White mold, or sclerotinia, is a plant disease caused by fungal infection. The fungus Sclerotinia sclerotiorum is the most common culprit, but some other Sclerotinia species also infect plants. This disease is also sometimes called stem rot, stalk rot, wilt, or head rot. The fungus is most common in temperate climates, though it can grow in a wide variety of ecological environments. Sclerotinia sclerotiorum is one of the most successful plant pathogens, and it affects some of our most important food crops.
Roughly 408 different broadleaf plant species, including soybeans, sunflowers, peanuts, lentils, chickpeas, and canola, can be infected with white mold. Many weeds, including thistle and wild mustard, are vectors for the disease. Sclerotinia can be introduced into a healthy crop in many ways. In addition to being spread by infected weeds and other plants, it can be spread into adjacent crops through soil, wind, and irrigation water or rainwater.
Sclerotinia sclerotiorum has an overwintering structure called the sclerotium, which consists of a protective black rind covering a light-colored medulla. The sclerotium remains in the soil during the winter and germinates in the spring through one of two methods. It may form small mushrooms that release spores into the air to infect plants, or it may form a mycelium, the vegetative portion of a fungus, that directly affects the roots of nearby plants.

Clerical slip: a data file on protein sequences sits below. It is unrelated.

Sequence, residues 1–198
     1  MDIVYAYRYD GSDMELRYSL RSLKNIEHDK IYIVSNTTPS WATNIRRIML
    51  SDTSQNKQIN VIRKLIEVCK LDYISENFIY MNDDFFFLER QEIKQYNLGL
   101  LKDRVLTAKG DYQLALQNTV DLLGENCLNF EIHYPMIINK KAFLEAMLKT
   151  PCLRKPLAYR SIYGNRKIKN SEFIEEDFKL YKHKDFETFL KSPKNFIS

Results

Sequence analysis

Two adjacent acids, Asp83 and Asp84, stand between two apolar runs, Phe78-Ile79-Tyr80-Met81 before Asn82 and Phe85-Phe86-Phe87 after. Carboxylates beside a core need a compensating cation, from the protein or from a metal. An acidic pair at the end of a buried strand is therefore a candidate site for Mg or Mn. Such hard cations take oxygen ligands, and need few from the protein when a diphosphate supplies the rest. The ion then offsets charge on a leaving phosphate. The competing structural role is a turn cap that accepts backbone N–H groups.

This fungus is a necrotrophic organism, meaning that it feeds on dead or decaying tissue. When it infects plants, it kills plant tissue before the mycelium begins growing on the plant. A common symptom of an infection is water-soaked spots on the plant, which eventually become covered with a white, cottony layer and become soft and slimy.
Some infected plants, on the other hand, develop dry lesions around the base that cause the plant to die. The plant's leaves also dry out, becoming yellow, then brown, before they die. Plants with white mold typically wilt and collapse or drop their leaves, spreading more of the fungus into the soil and causing nearby plants to become infected.
White mold is very difficult to control. It is not known how long Sclerotinia sclerotiorum can remain active in a field, but moisture and heat in the soil both contribute to its growth. Some methods for controlling the spread of the mold include the introduction of fungal parasites into the soil, the use of fungicides, crop rotation, and sanitation practices.